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Married Women in India are Finding Love Outside Their Marriages. Is that Bad News?

Image for representation.

Image for representation.

A recent survey by the extra-marital dating app Gleeden found that many Indian women between the ages of 30-60 years had at least once been in an extra-marital relationship.

Infidelity has always been a contested topic in India, both legally and morally. But the rules have often been different for men and women. Until recently, men in India could prosecute other men for having an affair with their wives and could also be prosecuted for conniving in the same. Over two years after the decriminalization of adultery, however, women seem to be closing the so-called “infidelity gap” with men. A recent survey has found that several more and more women in India were opting for extramarital relationships and that a majority of them were mothers.

The study was commissioned by the French extra-marital dating app ‘Gleeden’, a platform that was developed for women by women and aimed at providing women, especially ones in an existing relationship or marriage, a safe and discreet space to look for love, sex, support, or friendship. The app currently has 13 lakh users in India.

The survey, which appears to reflect the attitudes of urban, educated, and financially independent women in the age group of 30-60 across India, found that 48 percent of Indian women who had extramarital affairs were not just married but also had children.

The findings of the survey, published by The New Indian Express, suggest that 64 percent of the surveyed women who indulged in extra-marital relationships did so because of lack of sexual intimacy or fulfilling sex life with their marrier partners.

As per the report, 76 percent of the women looking for love outside of marriage were educated while 72 percent of them were financially independent.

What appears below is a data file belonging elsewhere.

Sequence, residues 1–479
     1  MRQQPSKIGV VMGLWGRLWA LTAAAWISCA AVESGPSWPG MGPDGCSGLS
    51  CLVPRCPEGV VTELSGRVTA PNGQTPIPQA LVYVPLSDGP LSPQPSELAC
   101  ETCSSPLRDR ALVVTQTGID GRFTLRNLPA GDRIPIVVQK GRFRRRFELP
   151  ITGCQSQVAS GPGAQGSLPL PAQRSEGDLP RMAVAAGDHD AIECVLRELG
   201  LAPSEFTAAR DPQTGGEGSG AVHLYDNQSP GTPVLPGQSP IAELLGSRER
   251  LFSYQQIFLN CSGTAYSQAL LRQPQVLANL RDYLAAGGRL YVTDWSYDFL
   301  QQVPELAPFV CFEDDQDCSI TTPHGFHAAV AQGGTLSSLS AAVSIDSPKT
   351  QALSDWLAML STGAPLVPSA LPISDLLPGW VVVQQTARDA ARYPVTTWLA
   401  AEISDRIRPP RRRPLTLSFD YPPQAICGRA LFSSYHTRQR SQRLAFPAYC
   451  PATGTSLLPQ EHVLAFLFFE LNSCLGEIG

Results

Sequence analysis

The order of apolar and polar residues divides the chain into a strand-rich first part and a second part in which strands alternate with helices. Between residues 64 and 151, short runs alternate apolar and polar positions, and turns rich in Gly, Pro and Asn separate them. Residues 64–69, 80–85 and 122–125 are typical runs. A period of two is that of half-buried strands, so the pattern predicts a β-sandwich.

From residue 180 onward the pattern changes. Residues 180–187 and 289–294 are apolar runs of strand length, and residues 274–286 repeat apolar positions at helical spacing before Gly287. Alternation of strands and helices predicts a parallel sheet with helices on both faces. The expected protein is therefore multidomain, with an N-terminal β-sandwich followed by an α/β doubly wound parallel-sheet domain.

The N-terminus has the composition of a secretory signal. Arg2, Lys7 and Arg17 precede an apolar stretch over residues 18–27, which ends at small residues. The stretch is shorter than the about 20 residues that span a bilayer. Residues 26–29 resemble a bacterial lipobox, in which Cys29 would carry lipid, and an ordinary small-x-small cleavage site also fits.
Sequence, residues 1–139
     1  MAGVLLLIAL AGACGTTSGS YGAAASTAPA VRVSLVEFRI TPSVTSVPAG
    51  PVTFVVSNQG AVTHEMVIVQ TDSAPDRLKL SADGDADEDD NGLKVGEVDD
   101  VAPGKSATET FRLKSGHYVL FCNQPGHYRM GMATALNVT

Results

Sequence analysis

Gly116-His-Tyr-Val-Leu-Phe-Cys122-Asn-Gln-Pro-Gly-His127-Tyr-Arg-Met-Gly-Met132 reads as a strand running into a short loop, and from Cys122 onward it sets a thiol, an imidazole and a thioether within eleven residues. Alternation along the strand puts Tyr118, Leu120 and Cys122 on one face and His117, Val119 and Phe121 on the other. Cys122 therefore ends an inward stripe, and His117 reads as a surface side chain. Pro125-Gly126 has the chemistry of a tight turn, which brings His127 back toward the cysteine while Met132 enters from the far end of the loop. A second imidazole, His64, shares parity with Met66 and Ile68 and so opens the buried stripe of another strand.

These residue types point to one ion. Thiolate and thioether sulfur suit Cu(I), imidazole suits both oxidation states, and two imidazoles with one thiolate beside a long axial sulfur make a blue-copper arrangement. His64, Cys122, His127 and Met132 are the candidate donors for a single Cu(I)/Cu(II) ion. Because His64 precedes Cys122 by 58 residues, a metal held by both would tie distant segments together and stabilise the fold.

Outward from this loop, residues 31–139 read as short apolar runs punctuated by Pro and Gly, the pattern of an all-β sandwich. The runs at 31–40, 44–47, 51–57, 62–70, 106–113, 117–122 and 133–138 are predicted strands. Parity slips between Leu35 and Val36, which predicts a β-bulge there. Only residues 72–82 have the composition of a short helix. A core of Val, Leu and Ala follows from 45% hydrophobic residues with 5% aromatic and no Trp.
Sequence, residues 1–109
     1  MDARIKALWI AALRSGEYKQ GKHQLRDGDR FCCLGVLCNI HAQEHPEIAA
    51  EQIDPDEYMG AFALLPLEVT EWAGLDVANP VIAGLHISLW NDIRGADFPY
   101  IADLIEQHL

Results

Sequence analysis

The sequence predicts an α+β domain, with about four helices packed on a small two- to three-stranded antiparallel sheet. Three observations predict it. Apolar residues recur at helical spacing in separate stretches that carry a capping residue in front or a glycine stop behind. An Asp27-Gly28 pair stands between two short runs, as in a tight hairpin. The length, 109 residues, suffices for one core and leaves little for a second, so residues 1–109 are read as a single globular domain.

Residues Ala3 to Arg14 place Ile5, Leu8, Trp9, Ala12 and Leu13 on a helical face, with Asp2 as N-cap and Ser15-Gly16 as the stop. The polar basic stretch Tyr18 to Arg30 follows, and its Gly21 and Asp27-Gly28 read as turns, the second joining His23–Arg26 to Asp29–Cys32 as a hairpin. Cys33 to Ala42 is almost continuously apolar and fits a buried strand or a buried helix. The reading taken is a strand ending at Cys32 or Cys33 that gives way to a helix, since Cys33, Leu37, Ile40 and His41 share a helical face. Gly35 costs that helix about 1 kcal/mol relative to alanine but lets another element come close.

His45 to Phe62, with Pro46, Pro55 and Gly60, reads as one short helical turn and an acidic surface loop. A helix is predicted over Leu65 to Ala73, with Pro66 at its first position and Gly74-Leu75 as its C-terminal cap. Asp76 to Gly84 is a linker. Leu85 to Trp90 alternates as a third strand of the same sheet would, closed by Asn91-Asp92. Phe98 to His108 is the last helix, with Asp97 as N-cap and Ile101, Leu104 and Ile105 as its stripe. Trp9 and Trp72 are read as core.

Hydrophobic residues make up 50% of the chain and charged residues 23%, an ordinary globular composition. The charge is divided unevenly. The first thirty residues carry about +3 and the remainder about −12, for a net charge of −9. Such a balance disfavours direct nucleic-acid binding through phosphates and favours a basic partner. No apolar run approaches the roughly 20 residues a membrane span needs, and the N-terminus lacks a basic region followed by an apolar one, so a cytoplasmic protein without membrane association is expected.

A similar trend of rising ‘infidelity’ among women can be seen in the West. While studies have traditionally found men to be the more adulterous in a heterosexual married relationship, new studies suggest that women are increasingly accepting of having indulged in extramarital relations. Couples therapist Tammy Nelson, author of ‘When You’re the One Who Cheats’, says that women might not only be cheating more but also getting away with it more often.

A 2020 survey by Gleeden found nearly 55 percent of the married people in India who responded to the survey accepted to having cheated on their partner. 56 percent of them were women. The study, which was conducted among 1,525 married Indians in the age of 25 and 50, found that 48 percent of them believed it was possible to be in love with more than one person at the same time.

While the numbers may suggest that infidelity among married women is on the rise, data by other studies suggest that the change in numbers might reflect a change in patriarchal attitudes toward infidelity.

Though traditionally frowned upon in men as well, infidelity was considered completely taboo for women across cultures. In India, the recently decriminalized and utterly bizarre adultery law, for instance, chastised women for having affairs by allowing husbands to prosecute and punish their wives’ paramours. No woman could level such charges against men. In September 2018, the Supreme Court decriminalized adultery, making it a civil offense instead that can serve as grounds for divorce.

With such legal changes and a shift in outlook resulting from awareness about women’s sexuality and right to their own bodies, the conversation about infidelity has been changing. Women are no longer considered ‘chattel’ of their husbands and privileged women have even started to assert their equality in marriages.

Perhaps the real question is not whether more women are cheating or not but why couples in a marriage need to cheat at all? Men continue to cheat more than women across the world and yet no questions are raised about their age group or their parental status. The US General Social Survey found that 20 percent of men cheated on their spouses as opposed to 13 percent of women.

The question that such studies as the ones conducted by Gleeden should raise is the reason why the women who choose extramarital relationships do so at all. Demanding sexual and emotional fulfillment is the equal right of both parties in a marriage. In a society that had restricted women’s rights to their own bodies, infidelity is best when treated as the symptom of an underlying problem, not the cause.

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first published:March 06, 2021, 10:55 IST